Effective from 1 July 2017, China will adopt the OECD’s Common Reporting Standard (CRS). Many experts believe the change will encourage wealthy Chinese to invest more in international real estate.
Developed in response to a G20 request, the CRS’s objective is to protect the integrity of the international tax system by combating cross-border tax evasion.
This means that from tomorrow onwards, China’s authorities will now have access to detailed information about Chinese residents’ non-real estate international investments, including bank deposits, securities, insurance plans, and financial assets held through trusts.
This is a big change. Wealthy Chinese investors are taking notice. Many are choosing to move their assets into overseas property holdings. That’s because real estate holdings in certain locations are exempt from the reporting standards imposed by the CRS.
This is worth noting, because China is now home to 1.6 million high net worth individuals (HNWIs) population – an astonishing ninefold increase from 10 years ago – according to the latest China Private Wealth Report 2017 by Bain & Co. and China Merchants Bank (CMB).
More importantly, these 1.6 million Chinese HNWIs are sitting on estimated wealth of 165 trillion ($24.2 trillion). Once the new tax rules kick in, they are likely to want to find investments for that money that will expose them to the smallest possible tax bill.
While the tax benefits of property in this case may strike a chord with some Chinese investors, this doesn’t, however, impact those Chinese buyers who are primarily interested in property for their own use or for immigration purposes for example. Many of these consumers have offshore bank accounts already, access to mortgages, or family and friend networks in which they leverage in country.
CRS propels Chinese buyers towards the world
Hong Kong is one of the first markets to experience a surge in Chinese demand for apartments and houses because of the new tax rules.
Hong Kong home prices have risen rapidly over the past few months, with data from JLL showing that housing prices are now 75.9% higher than the market peak of 1997. The Association of Hong Kong Accountants says this price rise is due to rich Chinese investors looking for assets that won’t be subject to the new tax rules. Chinese investors are even willing to pay Hong Kong’s 30% foreign buyer stamp duty if it will help them avoid paying higher taxes on their holdings in the years to come.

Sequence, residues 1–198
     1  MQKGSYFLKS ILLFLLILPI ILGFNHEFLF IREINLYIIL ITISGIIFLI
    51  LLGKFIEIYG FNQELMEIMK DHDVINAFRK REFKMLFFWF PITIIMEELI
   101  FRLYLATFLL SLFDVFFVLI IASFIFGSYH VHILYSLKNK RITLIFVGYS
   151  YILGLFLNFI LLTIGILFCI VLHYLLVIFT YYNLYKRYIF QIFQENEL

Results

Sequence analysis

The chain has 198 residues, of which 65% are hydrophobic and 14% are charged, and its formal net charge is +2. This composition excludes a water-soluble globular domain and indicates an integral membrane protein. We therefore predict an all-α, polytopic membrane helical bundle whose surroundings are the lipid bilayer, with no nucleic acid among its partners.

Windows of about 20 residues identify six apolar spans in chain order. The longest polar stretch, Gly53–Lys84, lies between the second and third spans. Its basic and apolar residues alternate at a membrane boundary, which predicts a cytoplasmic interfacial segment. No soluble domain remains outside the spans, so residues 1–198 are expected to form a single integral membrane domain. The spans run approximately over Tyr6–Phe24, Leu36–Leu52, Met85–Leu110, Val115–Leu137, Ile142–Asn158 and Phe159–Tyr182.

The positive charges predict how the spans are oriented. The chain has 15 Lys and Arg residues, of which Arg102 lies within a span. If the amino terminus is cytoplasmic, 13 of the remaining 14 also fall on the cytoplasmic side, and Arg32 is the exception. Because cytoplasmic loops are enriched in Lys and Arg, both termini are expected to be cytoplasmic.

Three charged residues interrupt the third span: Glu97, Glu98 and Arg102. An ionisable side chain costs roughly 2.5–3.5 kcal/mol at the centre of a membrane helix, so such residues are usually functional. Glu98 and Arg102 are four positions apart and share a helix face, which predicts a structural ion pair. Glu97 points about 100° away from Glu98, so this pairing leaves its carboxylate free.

Agents and developers in other countries tell us that Hong Kong isn’t alone. Property marketers around the world are seeing more buyer interest due to the new rules.
Chinese buyer looking abroad
Once the new rules come into effect, Chinese investors are likely to be even keener to move their assets into property. That creates a huge opportunity for real estate marketers to sell to increasingly global-minded rich Chinese, especially those 1.6 million HNWIs. Non-financial assets such as houses are left out of the new tax rules.
With the new tax regulations helping to drive deal flow, now is the time to make your play for this highly lucrative market. Here are 3 pointers to help you start:
Get online: Online listings offer an efficient, targeted way of accessing China’s colossal online market of 731 million internet users save yourself the cost and hassle of setting up China operations by using online channels to penetrate the market.
Build detailed listings: Quality content makes all the difference, so be sure to go the extra mile with your listings and offerings, such as providing extensive photo galleries, video tours, local area benefits descriptions, as well as market trend information and updates.
Present paths to citizenship: Emigration stands as one of the biggest motivations for Chinese to invest in overseas property, so be sure to provide details of paths to citizenship in your local markets, plus details of local emigration agencies and government offices.
Still, there’s much more to consider when building your profile to attract Chinese investors, so be sure to read up our other tips to help you how to market better to Chinese by leveraging social media, understanding the challenges Chinese face when investing abroad.